Open Access

Bringing the MMFF force field to the RDKit: implementation and validation

Journal of Cheminformatics20146:37

https://doi.org/10.1186/s13321-014-0037-3

Received: 12 March 2014

Accepted: 30 June 2014

Published: 12 July 2014

Abstract

A general purpose force field such as MMFF94/MMFF94s, which can properly deal with a wide range of diverse structures, is very valuable in the context of a cheminformatics toolkit. Herein we present an open-source implementation of this force field within the RDKit. The new MMFF functionality can be accessed through a C++/C#/Python/Java application programming interface (API) developed along the lines of the one already available for UFF in the RDKit. Our implementation was fully validated against the official validation suite provided by the MMFF authors. All energies and gradients were correctly computed; moreover, atom type and force constants were correctly assigned for 3D molecules built from SMILES strings. To provide full flexibility, the available API provides direct access to include/exclude individual terms from the MMFF energy expression and to carry out constrained geometry optimizations. The availability of a MMFF-capable molecular mechanics engine coupled with the rest of the RDKit functionality and covered by the BSD license is appealing to researchers operating in both academia and industry.

Keywords

Molecular mechanicsForce fieldMMFFRDKit

Background

Molecular mechanics force fields are the workhorse of computational chemists for molecular simulations, owing to their low computational demands compared to CPU-intensive quantum mechanical methods. Drug designers and cheminformaticians are typically most interested in general purpose force fields, namely those which deliver good performance over a broad spectrum of different structures, ranging from biological macromolecules to small drug-like molecules. Such force fields are ideal to optimize 3D conformations of ligands or receptor/ligand complexes in batch workflows, because they seldom fail due to missing parameters. Examples of generalized force-fields include UFF [1], MMFF94 [2]-[8], OPLS [9],[10], GAFF [11] and CGenFF [12].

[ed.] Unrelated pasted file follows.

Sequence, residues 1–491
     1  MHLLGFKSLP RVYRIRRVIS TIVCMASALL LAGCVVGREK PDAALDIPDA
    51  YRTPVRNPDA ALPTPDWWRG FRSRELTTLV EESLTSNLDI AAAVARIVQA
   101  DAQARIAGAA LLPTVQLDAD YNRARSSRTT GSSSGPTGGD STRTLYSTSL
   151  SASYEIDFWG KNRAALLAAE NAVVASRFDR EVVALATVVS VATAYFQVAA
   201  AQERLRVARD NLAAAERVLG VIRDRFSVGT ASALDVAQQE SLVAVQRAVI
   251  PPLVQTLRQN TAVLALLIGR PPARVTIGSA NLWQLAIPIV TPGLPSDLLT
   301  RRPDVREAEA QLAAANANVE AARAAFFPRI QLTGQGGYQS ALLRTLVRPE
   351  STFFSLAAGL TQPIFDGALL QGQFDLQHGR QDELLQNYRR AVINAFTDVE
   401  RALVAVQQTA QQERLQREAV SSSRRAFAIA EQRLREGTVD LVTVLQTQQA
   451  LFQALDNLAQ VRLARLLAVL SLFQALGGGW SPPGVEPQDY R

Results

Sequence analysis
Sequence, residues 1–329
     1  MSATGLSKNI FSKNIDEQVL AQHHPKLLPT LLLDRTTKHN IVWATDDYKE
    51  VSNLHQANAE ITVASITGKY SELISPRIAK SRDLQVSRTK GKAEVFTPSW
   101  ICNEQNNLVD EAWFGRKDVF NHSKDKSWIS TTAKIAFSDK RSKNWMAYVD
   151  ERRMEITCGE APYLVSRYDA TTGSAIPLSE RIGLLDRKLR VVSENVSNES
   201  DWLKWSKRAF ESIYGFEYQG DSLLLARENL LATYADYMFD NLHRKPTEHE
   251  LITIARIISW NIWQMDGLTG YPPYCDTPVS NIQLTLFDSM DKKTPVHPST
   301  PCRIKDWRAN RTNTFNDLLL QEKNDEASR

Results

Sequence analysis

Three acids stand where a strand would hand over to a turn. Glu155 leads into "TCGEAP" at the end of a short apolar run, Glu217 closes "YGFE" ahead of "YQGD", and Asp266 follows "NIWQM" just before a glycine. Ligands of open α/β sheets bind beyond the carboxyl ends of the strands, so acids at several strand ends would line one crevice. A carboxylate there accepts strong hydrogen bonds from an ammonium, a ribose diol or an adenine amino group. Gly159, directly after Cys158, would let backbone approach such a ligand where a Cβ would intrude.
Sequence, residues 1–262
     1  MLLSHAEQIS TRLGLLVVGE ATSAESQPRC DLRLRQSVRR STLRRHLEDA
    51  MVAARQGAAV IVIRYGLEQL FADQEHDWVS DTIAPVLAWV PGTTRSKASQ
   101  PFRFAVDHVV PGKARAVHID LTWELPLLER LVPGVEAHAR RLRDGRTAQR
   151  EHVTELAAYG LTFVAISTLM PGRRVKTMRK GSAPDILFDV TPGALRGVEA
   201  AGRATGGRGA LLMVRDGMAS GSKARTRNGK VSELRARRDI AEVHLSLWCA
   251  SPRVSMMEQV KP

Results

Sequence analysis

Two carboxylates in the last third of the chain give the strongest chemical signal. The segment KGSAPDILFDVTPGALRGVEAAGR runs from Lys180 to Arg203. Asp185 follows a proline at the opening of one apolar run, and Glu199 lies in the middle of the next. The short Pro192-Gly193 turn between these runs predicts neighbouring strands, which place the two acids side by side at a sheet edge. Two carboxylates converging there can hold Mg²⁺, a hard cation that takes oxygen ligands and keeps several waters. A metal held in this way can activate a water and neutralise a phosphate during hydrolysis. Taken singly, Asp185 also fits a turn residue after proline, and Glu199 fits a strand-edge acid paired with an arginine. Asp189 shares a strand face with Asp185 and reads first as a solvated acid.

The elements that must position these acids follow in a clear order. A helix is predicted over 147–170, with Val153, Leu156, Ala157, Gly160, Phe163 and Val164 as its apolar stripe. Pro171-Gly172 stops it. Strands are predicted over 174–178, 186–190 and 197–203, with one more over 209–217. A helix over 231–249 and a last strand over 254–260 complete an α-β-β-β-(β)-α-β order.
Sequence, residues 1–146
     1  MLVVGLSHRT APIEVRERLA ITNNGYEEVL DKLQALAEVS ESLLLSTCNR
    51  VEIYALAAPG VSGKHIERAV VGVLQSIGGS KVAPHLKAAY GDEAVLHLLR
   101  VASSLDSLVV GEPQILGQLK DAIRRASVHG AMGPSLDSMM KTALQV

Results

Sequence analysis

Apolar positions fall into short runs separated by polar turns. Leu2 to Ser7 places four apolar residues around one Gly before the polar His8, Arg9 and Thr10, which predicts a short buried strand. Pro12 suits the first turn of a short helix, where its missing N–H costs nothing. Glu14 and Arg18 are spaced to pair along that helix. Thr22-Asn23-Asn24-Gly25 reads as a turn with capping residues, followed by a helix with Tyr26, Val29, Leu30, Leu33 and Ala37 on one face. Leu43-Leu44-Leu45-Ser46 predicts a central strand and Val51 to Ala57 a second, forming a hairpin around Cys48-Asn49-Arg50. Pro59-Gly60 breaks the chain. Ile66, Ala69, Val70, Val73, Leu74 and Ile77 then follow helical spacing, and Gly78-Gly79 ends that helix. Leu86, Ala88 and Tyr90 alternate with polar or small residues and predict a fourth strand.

Among these, one of the most widely used and appreciated is MMFF94, which was developed about twenty years ago by Halgren at Merck Research Laboratories and documented by a series of five papers on J. Comput. Chem. [2]-[6]. A couple of years later, MMFF94 was complemented by the “static” MMFF94s variant [7], which is characterized by a different parameterization of torsional and out-of-plane interactions geared towards geometry optimization studies (MMFF94 was recommended for molecular dynamics simulations). For the remainder of this paper, “MMFF” will collectively refer to both MMFF94 and MMFF94s variants. MMFF has shown robustness and quality in dealing with small molecules superior to the majority of generalized force fields in use at the time of its first introduction [8],[13], and also on par or better than the more recent OPLS2005 and GAFF force fields [14]. Its versatility and effectiveness warranted its implementation in all major commercial molecular modelling packages (CCG MOE, Schrödinger Maestro, MolSoft ICM, Certara SYBYL-X) and cheminformatics toolkits (ChemAxon, OpenEye) currently on the market.

Herein we present an implementation of MMFF within the open-source cheminformatics toolkit RDKit [15]; MMFF functionality can be accessed through C++, C#, Python and Java application programming interfaces (APIs). While other non-commercial implementations of MMFF do exist [16]-[19], ours is a complete implementation according to the definition given by Kearsley [20],[21], and, to the best of our knowledge, the only such one available under the permissive BSD 3-clause license.

Implementation

The MMFF energy expression is constituted by seven terms: bond stretching, angle bending, stretch-bend, out-of-plane bending, torsional, van der Waals and electrostatic (Equation 1); the functional form of individual terms is reported in the original literature [2].
E MMFF = EB ij + EA ijk + EBA ijk + EOOP ijk ; l + ET ijkl + EvdW ij + EQ ij
(1)

The first step in building the force field for a given molecular system is assigning correct types to each atom. MMFF identifies 216 symbolic atom types, based on the chemical nature and environment of each atom, which are encoded into 95 numeric atom types. Correct atom typing critically depends on the proper attribution of the aromaticity flags. Since the aromaticity model used by MMFF differs from the one normally used throughout the RDKit, aromaticity has to be re-perceived according to MMFF criteria starting from a kekulized representation of the molecule. Subsequently, atom types are assigned to heavy atoms followed by hydrogens.